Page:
Marcoleta then proposed to Solidum that we can have something like that of the astronaut’s food. Solidum then said that Filipino scientists have not developed such a food form, and the current situation sees that food reserved for disasters and emergencies available only has a shelf life of six months.. 

Solidum added that the Department of Science and Technology would look into it and assured the Commission on Appointments’ committee that food security is also a concern of the department.

Holistic approach needed 

The urgency and the stunning noise of suggestions have moved Albay Rep. Joey Salceda to ask President Ferdinand Marcos Jr. to form a food security cluster in the Cabinet. Salceda brings an emphasis the need for a “more holistic, whole-of-government-way” to address the problem of hunger.

“The purpose [of the food security cluster] is to ensure that inter-agency cooperation is undertaken at the highest levels of government,” Salceda, who is an economist by profession, said.

“We do not have a food security cluster yet, although it would be very useful to have one since food and nutrition issues are beyond just agriculture. They encompass trade, industry, demographic, transport, energy, and even climate change and scientific development issues.”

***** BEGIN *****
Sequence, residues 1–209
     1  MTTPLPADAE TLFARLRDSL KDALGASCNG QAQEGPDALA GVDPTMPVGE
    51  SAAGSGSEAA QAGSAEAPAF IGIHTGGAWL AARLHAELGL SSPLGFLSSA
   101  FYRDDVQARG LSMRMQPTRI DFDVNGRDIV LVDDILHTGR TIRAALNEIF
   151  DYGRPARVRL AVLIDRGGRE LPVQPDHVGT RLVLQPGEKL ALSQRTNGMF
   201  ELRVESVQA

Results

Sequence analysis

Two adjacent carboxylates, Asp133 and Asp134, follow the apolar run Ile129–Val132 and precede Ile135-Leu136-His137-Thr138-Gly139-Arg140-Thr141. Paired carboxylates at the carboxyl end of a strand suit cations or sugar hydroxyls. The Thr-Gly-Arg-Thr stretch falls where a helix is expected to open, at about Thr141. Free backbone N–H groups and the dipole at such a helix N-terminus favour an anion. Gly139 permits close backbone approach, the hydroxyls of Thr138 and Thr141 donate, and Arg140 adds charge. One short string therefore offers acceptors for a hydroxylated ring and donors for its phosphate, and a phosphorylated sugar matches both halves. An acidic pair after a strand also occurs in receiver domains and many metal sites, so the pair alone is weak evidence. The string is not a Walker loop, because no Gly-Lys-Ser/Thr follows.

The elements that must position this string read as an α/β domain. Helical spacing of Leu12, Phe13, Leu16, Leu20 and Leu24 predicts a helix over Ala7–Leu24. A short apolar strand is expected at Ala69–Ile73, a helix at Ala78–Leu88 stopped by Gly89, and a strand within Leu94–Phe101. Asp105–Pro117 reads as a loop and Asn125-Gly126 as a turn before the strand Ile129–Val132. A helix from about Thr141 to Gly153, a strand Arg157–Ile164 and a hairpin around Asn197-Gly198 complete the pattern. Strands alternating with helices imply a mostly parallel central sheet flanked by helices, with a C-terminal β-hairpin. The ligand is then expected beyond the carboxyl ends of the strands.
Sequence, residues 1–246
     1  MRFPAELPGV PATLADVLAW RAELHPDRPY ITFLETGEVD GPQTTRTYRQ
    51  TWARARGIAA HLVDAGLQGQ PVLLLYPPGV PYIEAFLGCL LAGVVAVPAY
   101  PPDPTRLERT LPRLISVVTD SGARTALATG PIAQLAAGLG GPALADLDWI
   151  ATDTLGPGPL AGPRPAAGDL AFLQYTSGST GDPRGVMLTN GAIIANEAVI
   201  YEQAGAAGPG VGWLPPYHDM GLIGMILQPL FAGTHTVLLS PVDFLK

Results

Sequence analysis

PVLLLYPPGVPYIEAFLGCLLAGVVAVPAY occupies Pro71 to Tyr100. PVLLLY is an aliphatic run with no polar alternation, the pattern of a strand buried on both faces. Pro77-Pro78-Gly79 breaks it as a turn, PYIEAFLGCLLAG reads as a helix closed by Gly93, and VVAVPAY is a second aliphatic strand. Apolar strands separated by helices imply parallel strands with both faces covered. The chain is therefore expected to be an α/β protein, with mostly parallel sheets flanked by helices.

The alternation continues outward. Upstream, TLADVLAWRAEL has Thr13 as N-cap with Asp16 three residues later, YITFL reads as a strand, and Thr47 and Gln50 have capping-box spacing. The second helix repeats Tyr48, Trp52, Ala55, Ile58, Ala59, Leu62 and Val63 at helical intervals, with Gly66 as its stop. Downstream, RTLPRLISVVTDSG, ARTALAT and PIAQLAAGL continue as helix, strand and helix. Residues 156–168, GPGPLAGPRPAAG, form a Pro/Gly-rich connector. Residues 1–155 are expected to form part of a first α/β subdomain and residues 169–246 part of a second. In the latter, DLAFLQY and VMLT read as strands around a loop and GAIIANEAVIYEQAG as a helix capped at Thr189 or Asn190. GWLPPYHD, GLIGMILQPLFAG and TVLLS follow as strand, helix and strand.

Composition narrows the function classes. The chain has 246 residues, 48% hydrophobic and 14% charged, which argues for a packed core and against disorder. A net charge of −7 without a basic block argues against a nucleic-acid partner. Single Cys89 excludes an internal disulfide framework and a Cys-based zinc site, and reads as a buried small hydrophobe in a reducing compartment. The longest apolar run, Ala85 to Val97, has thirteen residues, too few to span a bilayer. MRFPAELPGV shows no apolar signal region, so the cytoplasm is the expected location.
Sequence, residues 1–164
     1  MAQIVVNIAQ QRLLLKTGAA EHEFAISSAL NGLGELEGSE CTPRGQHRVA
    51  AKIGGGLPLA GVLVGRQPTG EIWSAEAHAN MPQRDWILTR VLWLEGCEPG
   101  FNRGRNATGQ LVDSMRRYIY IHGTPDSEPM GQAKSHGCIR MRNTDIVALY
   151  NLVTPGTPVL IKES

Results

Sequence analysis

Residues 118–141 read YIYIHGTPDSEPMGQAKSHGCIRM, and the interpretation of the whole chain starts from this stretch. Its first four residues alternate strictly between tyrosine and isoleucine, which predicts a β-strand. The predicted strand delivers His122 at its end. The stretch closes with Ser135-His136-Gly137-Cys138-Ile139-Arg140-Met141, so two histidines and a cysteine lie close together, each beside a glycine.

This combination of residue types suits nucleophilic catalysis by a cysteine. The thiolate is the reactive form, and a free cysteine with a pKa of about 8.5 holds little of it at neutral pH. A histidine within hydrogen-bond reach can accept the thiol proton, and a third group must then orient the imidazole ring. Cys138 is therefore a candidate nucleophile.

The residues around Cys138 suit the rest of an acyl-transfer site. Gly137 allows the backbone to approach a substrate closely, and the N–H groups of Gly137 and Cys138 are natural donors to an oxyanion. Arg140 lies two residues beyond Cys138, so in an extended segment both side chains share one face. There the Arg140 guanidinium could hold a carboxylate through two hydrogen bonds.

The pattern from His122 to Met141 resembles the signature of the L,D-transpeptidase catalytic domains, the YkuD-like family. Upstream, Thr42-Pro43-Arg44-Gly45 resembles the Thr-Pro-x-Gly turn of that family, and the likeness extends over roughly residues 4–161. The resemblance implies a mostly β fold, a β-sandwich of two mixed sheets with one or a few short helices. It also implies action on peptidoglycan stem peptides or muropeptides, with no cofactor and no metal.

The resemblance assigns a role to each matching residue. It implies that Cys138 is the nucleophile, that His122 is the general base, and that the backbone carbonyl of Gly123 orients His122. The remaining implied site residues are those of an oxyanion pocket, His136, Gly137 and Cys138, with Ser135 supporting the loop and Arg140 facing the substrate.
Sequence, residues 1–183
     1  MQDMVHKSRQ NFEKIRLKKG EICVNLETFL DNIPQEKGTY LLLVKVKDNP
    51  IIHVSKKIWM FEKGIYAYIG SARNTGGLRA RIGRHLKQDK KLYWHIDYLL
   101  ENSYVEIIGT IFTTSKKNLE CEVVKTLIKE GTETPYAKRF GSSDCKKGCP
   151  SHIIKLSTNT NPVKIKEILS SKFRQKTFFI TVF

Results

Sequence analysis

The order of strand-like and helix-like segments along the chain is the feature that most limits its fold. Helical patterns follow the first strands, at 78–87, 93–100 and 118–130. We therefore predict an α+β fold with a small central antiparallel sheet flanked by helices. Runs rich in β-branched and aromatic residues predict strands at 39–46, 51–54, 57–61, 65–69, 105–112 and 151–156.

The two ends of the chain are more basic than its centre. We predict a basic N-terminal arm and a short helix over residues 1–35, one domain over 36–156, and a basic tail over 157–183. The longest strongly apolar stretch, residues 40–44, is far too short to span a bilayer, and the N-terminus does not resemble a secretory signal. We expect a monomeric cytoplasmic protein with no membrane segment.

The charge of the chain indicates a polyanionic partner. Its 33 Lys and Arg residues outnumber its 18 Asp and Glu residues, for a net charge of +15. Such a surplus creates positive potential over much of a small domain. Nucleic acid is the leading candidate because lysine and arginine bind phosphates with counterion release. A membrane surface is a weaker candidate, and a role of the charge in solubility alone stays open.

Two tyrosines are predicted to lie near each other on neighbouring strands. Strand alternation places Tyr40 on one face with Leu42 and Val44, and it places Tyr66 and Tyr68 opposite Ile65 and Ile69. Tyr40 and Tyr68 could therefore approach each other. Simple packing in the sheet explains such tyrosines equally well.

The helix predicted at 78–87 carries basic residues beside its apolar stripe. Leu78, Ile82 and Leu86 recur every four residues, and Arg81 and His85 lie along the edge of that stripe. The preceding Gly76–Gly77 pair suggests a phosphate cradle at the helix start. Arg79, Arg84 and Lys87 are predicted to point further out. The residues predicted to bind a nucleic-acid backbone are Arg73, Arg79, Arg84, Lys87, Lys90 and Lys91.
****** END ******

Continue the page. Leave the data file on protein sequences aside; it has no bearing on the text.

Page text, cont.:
Other than being chair of the House Ways and Means Committee, Salceda, also recommended that Marcos appoint a senior undersecretary or deputy in the Department of Agriculture (DA), of which the President is also the concurrent head. Salceda also included the Bureau of Customs, and the Departments of Transportation, Science and Technology, and National Defense to be part of the food security cluster. 

Addressing the problem at its roots

“Measures to mitigate hunger include increasing food production capacity and productivity, enhancing the efficiency of logistics and food delivery, public infrastructure, and implementation of the food-for-school program are needed.”, stated the Food and Agricultural Organization of the United Nations (FAO).

They also added that while on the demand side, programs that aim at putting money in poor people’s pockets by providing skills, creating employment opportunities for poor and out-of-school youth, and improving access to micro-finance are required to address the problem of hunger.

The United Nations Children’s Fund stressed that “hunger is the leading cause of death in the world. Our planet has provided us with tremendous resources, but unequal access and inefficient handling leave millions of people malnourished. If we promote sustainable agriculture with modern technologies and fair distribution systems, we can sustain the whole world’s population and make sure that nobody will ever suffer from hunger again.”

Well, hopefully, the folks that we all voted to gather and make concrete plans to solve hunger will be able to make things concrete and doable. I do agree with the FAO that jobs are really needed to address poverty first so that families will be able to get sustenance. How about you? Let us know your reactions, suggestions and insights on this, too. Just comment down below and hope to hear from you soon. Thanks!